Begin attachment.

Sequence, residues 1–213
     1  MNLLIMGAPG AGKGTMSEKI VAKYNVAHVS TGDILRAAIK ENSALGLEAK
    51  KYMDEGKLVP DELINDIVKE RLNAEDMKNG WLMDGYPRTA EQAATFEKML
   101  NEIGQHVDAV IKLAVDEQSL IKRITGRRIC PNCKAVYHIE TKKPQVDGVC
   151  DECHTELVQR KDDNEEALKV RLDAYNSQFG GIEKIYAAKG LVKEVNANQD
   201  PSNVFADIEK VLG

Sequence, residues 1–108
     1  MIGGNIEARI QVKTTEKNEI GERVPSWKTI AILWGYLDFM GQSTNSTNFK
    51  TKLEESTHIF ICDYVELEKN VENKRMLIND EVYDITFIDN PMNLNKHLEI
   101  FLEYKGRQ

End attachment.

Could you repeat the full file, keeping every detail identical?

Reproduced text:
Sequence, residues 1–213
     1  MNLLIMGAPG AGKGTMSEKI VAKYNVAHVS TGDILRAAIK ENSALGLEAK
    51  KYMDEGKLVP DELINDIVKE RLNAEDMKNG WLMDGYPRTA EQAATFEKML
   101  NEIGQHVDAV IKLAVDEQSL IKRITGRRIC PNCKAVYHIE TKKPQVDGVC
   151  DECHTELVQR KDDNEEALKV RLDAYNSQFG GIEKIYAAKG LVKEVNANQD
   201  PSNVFADIEK VLG

Sequence, residues 1–108
     1  MIGGNIEARI QVKTTEKNEI GERVPSWKTI AILWGYLDFM GQSTNSTNFK
    51  TKLEESTHIF ICDYVELEKN VENKRMLIND EVYDITFIDN PMNLNKHLEI
   101  FLEYKGRQ